Marmozets, Live in London

West Yorkshire’s wild rockers turn up the star power

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On paper it might seem an odd choice to let Belgian noisemongers STEAK NUMBER 8 [7] open proceedings tonight – there isn’t a hummable chorus or melodic vocal anywhere near the vicinity. Instead we get omnipresent feedback, huge doom-inspired grunge riffs and frontman Brent Vanneste’s bloodcurdling screams that bully the earlycomers into some sort of approval.

THOUGHT FORMS [5], on the other hand, sound like they need their batteries changed. There’s nothing wrong with their jangling, discordant shoegaze particularly, but as a support band it’s a thankless task for them to try to grab fans experiencing their awkward, introverted music and stage presence for the first time. Shoes are shuffled, minds wander and Thought Forms fade from the memory instantly as anticipation for the headliners grows.

Having released the debut of the year in 2014, one that reimagines the groundbreaking, punk-as-fuck 90s pioneers L7, Bikini Kill and Babes In Toyland with a metallic, contemporary twist, there is as much expectation in the air as there is goodwill as MARMOZETS [9] open by pulling the pin on Move, Shake, Hide.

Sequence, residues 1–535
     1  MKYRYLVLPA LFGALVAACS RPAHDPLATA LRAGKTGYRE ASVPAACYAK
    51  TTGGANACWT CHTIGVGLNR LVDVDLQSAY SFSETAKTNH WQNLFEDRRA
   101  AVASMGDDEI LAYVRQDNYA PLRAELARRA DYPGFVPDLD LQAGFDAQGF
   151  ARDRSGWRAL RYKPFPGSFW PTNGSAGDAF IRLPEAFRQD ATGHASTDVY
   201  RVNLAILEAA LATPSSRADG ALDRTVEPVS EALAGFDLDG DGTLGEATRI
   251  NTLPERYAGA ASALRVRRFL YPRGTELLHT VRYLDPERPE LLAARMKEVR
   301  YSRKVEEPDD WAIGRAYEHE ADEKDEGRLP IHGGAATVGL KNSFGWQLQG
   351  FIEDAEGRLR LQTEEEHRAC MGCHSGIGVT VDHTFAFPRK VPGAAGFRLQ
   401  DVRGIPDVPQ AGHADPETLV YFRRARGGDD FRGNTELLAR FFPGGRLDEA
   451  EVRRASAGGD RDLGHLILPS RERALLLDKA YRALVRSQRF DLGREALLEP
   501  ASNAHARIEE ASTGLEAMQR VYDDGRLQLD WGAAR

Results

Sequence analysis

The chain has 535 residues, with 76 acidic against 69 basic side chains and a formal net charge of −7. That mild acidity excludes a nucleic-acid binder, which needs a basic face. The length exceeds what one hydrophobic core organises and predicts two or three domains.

That they live up to those lofty standards, and often surpass them, is proof that we’ve got something pretty special on our hands. No band this green and youthful should be so tight, the complex yet irresistible rhythms of Is It Horrible and the creeping, spinetingling chill of Captivate You are presented with the natural confidence of a band that have been playing together longer than the members of Marmozets have been alive.

As great as the band are, Marmozets may not have quite the same impact were it not for vocalist Becca Macintyre, who is, without an inch of over-exaggeration, an absolute superstar with a voice that would drop the jaw of even the most jaded cynic. Ranging from eye-bulging screeches to sugar-sweet harmonies in the blink of an eye and with a raw honesty that is lacking in so many of the cliché-reliant musicians of today, she is a transfixing presence.

After an hour they bid us farewell with Why Do You Hate Me? You can’t help but smile at the irony. Hate you? You’d struggle to find someone in this room who isn’t utterly in love with Marmozets. Surely, thousands more will follow./o:p

Stephen Hill

Since blagging his way onto the Hammer team a decade ago, Stephen has written countless features and reviews for the magazine, usually specialising in punk, hardcore and 90s metal, and still holds out the faint hope of one day getting his beloved U2 into the pages of the mag. He also regularly spouts his opinions on the Metal Hammer Podcast.